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Book Chapter: All Dogs Deserve to be Beaten: Negotiating Manhood and Nationhood in Chinese TV Dramas

TitleAll Dogs Deserve to be Beaten: Negotiating Manhood and Nationhood in Chinese TV Dramas
Authors
Issue Date2016
PublisherHong Kong University Press
Citation
All Dogs Deserve to be Beaten: Negotiating Manhood and Nationhood in Chinese TV Dramas. In Louie, Kam (Ed.), Changing Chinese Masculinities: From Imperial Pillars of State to Global Real Men. Hong Kong: Hong Kong University Press, 2016 How to Cite?
AbstractThe interconnection between nationalism and masculinity in Chinese popular culture has attracted scholarly attention in recent years (Song 2010; Song and Hird 2014). Nationalist sentiments and the images of national heroes in the Chinese media have increasingly become distinctly Chinese characteristics of masculinity in the global age. Perhaps the most conspicuous examples can be found in TV dramas (dianshi lianxuju), an overwhelmingly popular and influential form of entertainment in contemporary China. This chapter discusses the centrality of nationalism in the televisual construction of masculinity in post-socialist China, with a particular focus on a 70-episode drama series entitled The Dog-beating Staff (Dagou gun), a nationwide smash hit in 2013, and explores how television represents a “happy marriage” between the state’s agenda and popular social desire through representations of nationalism and masculinity.
Persistent Identifierhttp://hdl.handle.net/10722/215953
ISBN

 

DC FieldValueLanguage
dc.contributor.authorSong, G-
dc.date.accessioned2015-08-21T13:45:57Z-
dc.date.available2015-08-21T13:45:57Z-
dc.date.issued2016-
dc.identifier.citationAll Dogs Deserve to be Beaten: Negotiating Manhood and Nationhood in Chinese TV Dramas. In Louie, Kam (Ed.), Changing Chinese Masculinities: From Imperial Pillars of State to Global Real Men. Hong Kong: Hong Kong University Press, 2016-
dc.identifier.isbn9789888208562-
dc.identifier.urihttp://hdl.handle.net/10722/215953-
dc.description.abstractThe interconnection between nationalism and masculinity in Chinese popular culture has attracted scholarly attention in recent years (Song 2010; Song and Hird 2014). Nationalist sentiments and the images of national heroes in the Chinese media have increasingly become distinctly Chinese characteristics of masculinity in the global age. Perhaps the most conspicuous examples can be found in TV dramas (dianshi lianxuju), an overwhelmingly popular and influential form of entertainment in contemporary China. This chapter discusses the centrality of nationalism in the televisual construction of masculinity in post-socialist China, with a particular focus on a 70-episode drama series entitled The Dog-beating Staff (Dagou gun), a nationwide smash hit in 2013, and explores how television represents a “happy marriage” between the state’s agenda and popular social desire through representations of nationalism and masculinity.-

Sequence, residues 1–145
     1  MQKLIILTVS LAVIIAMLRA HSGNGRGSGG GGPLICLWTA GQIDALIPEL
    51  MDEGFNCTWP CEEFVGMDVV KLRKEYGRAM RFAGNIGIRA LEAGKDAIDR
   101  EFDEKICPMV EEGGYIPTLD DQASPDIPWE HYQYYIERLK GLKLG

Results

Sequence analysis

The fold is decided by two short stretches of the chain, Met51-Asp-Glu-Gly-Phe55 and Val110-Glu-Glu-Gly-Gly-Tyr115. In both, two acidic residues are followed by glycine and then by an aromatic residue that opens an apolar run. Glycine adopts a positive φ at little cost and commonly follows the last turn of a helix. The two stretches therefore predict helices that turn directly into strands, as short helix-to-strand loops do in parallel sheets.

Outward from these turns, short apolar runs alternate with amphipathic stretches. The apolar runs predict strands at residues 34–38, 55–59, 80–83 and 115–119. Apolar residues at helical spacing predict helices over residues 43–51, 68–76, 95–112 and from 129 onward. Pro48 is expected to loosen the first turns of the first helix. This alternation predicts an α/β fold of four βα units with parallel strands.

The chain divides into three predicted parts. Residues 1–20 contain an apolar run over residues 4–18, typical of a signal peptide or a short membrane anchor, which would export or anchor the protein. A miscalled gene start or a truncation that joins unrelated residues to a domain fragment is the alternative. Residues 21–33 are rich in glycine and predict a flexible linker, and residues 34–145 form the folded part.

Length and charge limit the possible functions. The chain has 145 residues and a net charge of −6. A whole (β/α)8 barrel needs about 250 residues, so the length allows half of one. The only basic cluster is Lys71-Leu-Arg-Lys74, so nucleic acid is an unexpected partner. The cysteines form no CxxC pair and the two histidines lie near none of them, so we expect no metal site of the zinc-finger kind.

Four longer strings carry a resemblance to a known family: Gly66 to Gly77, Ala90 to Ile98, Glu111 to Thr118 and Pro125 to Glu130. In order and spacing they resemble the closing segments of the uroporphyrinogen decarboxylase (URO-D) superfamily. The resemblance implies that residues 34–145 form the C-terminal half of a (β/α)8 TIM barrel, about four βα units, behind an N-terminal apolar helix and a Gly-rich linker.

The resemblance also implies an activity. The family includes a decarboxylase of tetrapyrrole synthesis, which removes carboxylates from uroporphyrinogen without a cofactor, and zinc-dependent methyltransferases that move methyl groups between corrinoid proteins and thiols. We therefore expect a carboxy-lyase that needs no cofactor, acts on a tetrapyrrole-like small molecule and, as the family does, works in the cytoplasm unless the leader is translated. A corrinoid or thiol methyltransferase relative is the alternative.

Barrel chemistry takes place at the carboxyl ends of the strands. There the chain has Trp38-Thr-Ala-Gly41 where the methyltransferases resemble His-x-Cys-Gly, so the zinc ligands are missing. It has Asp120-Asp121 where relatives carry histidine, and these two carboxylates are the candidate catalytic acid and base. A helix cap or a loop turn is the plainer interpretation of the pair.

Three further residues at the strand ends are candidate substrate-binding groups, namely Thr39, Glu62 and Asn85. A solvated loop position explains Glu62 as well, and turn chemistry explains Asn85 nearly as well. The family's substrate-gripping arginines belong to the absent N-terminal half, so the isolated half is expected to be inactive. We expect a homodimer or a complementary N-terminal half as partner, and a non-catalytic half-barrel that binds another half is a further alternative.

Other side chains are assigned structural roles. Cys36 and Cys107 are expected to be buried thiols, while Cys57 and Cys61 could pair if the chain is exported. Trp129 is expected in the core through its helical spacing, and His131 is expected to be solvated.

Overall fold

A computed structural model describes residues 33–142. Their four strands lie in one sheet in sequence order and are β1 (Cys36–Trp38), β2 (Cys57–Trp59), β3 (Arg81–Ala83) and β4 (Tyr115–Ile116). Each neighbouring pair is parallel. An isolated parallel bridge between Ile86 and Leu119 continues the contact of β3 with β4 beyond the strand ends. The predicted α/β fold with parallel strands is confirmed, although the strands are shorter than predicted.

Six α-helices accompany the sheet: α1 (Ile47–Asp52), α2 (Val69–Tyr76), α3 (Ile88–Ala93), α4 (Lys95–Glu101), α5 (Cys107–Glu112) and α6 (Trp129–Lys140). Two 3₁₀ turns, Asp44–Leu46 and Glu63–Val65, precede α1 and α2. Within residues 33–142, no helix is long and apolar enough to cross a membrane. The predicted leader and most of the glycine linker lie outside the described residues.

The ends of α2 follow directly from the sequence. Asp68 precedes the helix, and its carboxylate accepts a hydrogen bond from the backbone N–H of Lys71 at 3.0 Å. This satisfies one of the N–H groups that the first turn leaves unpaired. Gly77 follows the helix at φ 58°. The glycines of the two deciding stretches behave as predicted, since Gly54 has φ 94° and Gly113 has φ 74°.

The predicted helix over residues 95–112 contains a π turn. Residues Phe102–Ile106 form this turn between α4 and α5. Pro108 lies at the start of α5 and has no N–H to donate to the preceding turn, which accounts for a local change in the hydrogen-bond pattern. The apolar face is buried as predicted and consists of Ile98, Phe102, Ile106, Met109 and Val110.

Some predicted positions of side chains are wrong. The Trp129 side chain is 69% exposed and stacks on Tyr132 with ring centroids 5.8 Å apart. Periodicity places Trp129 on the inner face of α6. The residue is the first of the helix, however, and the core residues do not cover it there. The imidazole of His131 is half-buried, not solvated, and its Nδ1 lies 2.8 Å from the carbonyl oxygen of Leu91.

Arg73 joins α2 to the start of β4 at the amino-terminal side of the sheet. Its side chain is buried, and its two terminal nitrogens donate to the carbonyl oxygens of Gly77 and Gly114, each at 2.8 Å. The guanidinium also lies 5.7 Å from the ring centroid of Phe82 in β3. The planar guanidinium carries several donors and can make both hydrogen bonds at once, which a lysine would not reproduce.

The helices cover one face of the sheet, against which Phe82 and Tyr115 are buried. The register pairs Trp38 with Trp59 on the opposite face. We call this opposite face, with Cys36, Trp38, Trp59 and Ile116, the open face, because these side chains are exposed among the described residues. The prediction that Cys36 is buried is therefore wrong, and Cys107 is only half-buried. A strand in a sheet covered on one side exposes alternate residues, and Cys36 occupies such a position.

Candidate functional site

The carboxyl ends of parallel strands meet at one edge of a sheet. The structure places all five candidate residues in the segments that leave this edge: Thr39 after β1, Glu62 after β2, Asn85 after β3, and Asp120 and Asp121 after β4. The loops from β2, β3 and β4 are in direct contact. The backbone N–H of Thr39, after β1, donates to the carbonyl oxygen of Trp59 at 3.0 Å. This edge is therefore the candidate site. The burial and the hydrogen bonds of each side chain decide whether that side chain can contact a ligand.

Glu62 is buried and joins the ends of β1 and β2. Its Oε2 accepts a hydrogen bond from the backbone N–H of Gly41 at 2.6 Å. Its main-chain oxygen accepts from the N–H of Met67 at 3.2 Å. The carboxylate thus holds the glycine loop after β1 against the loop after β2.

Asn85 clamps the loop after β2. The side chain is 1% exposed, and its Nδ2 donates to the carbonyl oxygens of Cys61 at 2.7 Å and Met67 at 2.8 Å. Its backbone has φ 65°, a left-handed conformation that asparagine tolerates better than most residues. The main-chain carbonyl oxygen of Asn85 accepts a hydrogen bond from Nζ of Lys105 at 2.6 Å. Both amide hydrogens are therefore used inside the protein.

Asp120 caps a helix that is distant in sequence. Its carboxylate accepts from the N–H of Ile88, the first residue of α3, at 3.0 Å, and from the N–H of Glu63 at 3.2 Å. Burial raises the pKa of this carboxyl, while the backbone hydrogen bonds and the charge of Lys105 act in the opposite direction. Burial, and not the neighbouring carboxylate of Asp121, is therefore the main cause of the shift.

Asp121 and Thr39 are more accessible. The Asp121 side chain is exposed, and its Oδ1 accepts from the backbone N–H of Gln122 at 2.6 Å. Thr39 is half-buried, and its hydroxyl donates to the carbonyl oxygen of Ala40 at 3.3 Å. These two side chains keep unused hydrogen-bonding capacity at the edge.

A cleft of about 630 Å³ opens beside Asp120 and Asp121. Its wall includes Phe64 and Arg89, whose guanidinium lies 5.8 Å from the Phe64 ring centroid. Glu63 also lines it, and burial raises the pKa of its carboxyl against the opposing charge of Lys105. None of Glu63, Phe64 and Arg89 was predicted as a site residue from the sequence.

dc.languageeng-
dc.publisherHong Kong University Press-
dc.relation.ispartofChanging Chinese Masculinities: From Imperial Pillars of State to Global Real Men-
dc.titleAll Dogs Deserve to be Beaten: Negotiating Manhood and Nationhood in Chinese TV Dramas-
dc.typeBook_Chapter-
dc.identifier.emailSong, G: gsong@hku.hk-
dc.identifier.authoritySong, G=rp01648-
dc.identifier.hkuros246061-
dc.publisher.placeHong Kong-

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